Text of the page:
ConditionsToday, for tomorrow
It is natural to feel sad or down at times. This is a normal part of everyday life, but when someone experiences sad or negative feelings that interfere with normal functioning and that last for at least two weeks, they could be suffering from depression. The first sign of depression is often a change in the person’s usual behaviour.
Generalised Anxiety Disorder
To some extent we all worry. It is part of daily life to worry about relationships, deadlines, or arriving on time for an interview. However, some people experience excessive and unrealistic worry that interferes significantly with work or social functioning.
Schizophrenia is a severe and disabling illness that affects the brain. Approximately 1% of the population will develop schizophrenia during their lifetime. In spite of the relatively low prevalence, the illness has an enormous impact on the individual and on society in terms of the emotional suffering and financial burden. Schizophrenia typically appears in late adolescence or early adulthood and usually follows a life-long course.
Dementia is a descriptive term for a collection of symptoms that can be caused by a number of brain disorders. It is a progressive, degenerative brain syndrome that affects memory, thinking, behavior and emotion. Dementia is NOT a part of normal ageing.
Social Anxiety Disorder
In social situations that are unfamiliar or when having to perform in front of others, many people tend to feel concerned or apprehensive. However, for some the concern and apprehension, are often very intense and severe and have a marked influence on most aspects of their daily functioning. These individuals may suffer from social anxiety disorder, also known as social phobia.
Obsessive Compulsive Disorder (OCD) is a chronic, debilitating medical condition characterised by obsessions and compulsions. Obsessions are unwanted, distressing ideas, images or impulses, which repeatedly enter a person’s mind. Compulsions are repetitive thoughts or behaviour that the person feels obliged to perform in an attempt to reduce the distress created by the obsessions.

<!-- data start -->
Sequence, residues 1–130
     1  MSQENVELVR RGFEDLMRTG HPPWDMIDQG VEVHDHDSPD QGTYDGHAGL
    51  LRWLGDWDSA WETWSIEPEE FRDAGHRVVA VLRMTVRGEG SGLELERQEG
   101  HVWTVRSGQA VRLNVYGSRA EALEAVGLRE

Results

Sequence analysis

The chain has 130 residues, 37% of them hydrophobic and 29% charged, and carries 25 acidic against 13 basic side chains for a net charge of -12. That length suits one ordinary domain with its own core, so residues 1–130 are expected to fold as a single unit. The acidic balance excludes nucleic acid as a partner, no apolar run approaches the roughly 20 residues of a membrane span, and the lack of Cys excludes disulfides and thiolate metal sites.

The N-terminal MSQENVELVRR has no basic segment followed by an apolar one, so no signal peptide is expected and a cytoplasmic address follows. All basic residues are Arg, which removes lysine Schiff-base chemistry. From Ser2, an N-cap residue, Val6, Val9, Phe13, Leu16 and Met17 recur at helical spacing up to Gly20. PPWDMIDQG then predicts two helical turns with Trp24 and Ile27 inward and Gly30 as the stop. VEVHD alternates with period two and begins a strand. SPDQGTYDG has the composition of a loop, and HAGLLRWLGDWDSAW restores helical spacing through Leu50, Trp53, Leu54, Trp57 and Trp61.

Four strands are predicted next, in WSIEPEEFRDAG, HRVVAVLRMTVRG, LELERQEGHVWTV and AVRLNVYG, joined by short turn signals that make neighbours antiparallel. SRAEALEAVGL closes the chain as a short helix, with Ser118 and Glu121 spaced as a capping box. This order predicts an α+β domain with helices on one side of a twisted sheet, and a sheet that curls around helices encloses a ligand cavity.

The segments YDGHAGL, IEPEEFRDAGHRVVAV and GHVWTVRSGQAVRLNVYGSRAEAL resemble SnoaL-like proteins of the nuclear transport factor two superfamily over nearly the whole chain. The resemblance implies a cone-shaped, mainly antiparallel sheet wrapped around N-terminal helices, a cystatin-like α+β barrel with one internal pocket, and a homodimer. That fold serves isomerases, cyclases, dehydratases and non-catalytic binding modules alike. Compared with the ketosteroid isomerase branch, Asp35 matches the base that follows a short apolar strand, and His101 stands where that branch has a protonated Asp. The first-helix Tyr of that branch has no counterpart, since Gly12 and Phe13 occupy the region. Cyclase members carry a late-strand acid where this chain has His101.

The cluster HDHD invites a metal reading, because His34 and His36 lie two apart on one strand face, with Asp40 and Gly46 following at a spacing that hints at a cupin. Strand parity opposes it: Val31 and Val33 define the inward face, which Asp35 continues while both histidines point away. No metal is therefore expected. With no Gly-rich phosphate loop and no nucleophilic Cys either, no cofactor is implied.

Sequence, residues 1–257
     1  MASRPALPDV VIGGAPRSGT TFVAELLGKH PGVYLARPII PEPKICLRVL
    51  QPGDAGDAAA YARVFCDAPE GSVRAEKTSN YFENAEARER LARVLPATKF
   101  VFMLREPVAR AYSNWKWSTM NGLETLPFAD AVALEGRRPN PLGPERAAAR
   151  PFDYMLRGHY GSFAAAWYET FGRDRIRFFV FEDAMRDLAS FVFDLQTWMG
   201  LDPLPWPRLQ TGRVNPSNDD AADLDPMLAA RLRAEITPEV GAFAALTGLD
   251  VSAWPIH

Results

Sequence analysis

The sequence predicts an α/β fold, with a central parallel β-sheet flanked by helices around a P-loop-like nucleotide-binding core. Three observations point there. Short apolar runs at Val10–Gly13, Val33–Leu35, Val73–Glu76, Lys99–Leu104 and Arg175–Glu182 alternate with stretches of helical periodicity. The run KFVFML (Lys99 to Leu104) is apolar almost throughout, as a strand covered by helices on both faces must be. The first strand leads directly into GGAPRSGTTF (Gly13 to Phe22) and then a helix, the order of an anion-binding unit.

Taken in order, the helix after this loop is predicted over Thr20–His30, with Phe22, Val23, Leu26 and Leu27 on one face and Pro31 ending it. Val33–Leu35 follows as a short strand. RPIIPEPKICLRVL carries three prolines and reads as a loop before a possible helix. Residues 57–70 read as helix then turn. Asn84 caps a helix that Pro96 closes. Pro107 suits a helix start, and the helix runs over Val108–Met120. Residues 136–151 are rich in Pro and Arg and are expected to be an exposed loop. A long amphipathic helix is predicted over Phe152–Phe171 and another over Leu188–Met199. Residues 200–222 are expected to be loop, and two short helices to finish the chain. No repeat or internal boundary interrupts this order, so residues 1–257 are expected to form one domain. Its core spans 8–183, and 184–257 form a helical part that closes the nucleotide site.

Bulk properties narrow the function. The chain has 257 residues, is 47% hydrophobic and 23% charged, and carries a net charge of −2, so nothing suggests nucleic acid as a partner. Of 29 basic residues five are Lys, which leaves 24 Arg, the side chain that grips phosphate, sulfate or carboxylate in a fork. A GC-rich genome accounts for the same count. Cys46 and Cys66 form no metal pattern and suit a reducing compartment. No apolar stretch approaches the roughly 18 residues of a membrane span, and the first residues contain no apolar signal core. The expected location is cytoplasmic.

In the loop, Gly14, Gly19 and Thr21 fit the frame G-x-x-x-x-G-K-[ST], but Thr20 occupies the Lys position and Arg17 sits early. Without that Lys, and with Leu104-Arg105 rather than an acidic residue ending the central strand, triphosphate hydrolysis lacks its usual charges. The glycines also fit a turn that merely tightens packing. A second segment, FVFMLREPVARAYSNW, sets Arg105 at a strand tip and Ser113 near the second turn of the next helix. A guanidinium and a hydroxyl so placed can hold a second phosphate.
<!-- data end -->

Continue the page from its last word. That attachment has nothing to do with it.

Bipolar disorder, also known as manic-depressive illness, is a brain disorder that causes extreme changes in mood, energy and the ability to function. The mood usually swings from ecstatic, irritable and/or aggressive (manic) to sad and hope-less (depression). Periods of fairly normal mood can be experienced between cycles.
Post Traumatic Stress Disorder
Most of us have experienced some kind of traumatic event. Usually with time, the emotion related to the event decreases. However, there are a number of individuals who fail to escape the experience of a traumatic event, and remain anxious and severely distressed for extended periods of time. These people might have what is known as post-traumatic stress disorder (PTSD).
Panic disorder is characterised by recurrent and unexpected panic attacks. These attacks may last from a few seconds to a few minutes, and are known to be extremely frightening and uncomfortable. Panic disorder is often accompanied by agoraphobia (an irrational fear of places or situations where escape is difficult).